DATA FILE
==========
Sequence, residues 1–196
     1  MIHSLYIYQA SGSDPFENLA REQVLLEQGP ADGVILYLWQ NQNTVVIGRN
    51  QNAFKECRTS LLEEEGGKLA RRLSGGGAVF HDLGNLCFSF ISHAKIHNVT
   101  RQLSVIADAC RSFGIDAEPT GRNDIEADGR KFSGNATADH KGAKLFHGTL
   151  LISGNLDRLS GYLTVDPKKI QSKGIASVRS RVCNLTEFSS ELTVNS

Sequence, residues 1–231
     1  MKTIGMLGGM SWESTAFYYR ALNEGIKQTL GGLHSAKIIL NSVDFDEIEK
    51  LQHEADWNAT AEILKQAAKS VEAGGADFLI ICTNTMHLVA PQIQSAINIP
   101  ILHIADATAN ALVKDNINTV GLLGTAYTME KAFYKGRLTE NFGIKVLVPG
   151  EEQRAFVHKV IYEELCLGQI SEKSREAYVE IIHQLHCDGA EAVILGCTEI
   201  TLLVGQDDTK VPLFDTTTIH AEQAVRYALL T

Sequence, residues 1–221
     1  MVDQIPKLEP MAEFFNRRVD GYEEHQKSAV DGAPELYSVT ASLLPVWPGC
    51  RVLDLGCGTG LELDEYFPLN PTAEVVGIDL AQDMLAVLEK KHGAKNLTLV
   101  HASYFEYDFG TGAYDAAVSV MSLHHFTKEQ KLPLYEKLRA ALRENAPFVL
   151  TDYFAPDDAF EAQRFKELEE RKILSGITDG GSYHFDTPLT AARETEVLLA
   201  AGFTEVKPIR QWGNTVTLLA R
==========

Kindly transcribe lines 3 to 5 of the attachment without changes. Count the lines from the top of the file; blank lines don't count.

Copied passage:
    51  QNAFKECRTS LLEEEGGKLA RRLSGGGAVF HDLGNLCFSF ISHAKIHNVT
   101  RQLSVIADAC RSFGIDAEPT GRNDIEADGR KFSGNATADH KGAKLFHGTL
   151  LISGNLDRLS GYLTVDPKKI QSKGIASVRS RVCNLTEFSS ELTVNS